- Blower motors use a round “squirrel cage” fan blade as opposed to an axial fan blade like the blade a condenser motor uses. An axial fan blade is like the fan blade in a box fan you may have had in your living room as a kid. Think of a squirrel cage like a hamster wheel they look similar. When a squirrel cage blade breaks, or the bolt that holds it to the motor shaft breaks, it can rub against the fans housing and cause a grinding noise.
What does a blower fan do? The blower fan motor aka indoor or evap. Motor, is used to push the conditioned air into the air duct system. When you put your hand in front of an air register (vent), and feel the air blowing out of it, you are feeling air being moved by the blower motor.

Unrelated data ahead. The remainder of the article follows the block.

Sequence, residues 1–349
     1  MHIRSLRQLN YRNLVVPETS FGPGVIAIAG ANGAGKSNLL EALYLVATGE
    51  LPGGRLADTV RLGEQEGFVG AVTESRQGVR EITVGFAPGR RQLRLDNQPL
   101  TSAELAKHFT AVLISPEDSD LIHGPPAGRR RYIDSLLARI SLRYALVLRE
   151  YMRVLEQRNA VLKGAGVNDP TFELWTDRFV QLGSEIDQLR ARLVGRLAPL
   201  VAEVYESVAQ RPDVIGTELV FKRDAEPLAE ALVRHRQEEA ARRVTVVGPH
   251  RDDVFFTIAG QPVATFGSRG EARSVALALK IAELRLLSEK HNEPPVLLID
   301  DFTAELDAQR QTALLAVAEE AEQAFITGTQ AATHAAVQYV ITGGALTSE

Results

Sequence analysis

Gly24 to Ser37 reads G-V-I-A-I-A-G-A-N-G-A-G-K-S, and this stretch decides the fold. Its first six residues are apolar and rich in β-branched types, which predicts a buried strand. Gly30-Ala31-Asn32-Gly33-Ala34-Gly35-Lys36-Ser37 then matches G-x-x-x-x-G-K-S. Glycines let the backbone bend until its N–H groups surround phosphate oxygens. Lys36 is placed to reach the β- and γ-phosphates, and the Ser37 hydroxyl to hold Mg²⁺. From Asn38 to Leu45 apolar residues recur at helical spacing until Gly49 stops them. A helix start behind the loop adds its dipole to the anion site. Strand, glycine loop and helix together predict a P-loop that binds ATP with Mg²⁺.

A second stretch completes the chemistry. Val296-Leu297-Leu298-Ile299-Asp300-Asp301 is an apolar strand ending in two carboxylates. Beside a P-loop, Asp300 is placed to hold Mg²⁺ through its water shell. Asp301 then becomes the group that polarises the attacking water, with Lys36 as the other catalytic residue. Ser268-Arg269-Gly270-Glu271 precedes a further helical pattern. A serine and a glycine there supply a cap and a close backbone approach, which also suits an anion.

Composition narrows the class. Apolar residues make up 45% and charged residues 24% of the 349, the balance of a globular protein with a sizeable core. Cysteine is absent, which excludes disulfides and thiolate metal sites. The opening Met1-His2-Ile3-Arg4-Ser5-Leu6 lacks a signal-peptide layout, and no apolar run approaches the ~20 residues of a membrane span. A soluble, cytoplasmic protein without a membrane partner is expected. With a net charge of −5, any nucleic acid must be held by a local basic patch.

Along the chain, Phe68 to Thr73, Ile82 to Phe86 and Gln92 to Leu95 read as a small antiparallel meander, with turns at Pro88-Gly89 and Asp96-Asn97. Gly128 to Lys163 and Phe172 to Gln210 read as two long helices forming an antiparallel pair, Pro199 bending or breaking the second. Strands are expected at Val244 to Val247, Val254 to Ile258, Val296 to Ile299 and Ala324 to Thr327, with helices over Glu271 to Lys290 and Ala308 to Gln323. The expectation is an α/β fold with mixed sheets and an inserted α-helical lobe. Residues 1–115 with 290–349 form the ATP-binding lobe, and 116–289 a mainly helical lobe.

AC Compressor – the compressor is the heart of an AC unit. The compressor is basically a pump that moves the refrigerant through the air conditioner’s pipes and facilitates the refrigerant’s conversion from a liquid to a gas over and over again. Inside the compressor are either valves that open and block an opening (like a car engine), or sometimes a component that looks similar to a drill bit that spins. While typically not described as a grinding noise when these valves fail, or are failing, they can be noisy, and some people describe it as a grinding noise. Obviously, everyone can describe a sound a little differently. Need proof? – describe the sound a violin makes! It’s a HVAC Technician’s job to interpret the sound based on experience and his or her training.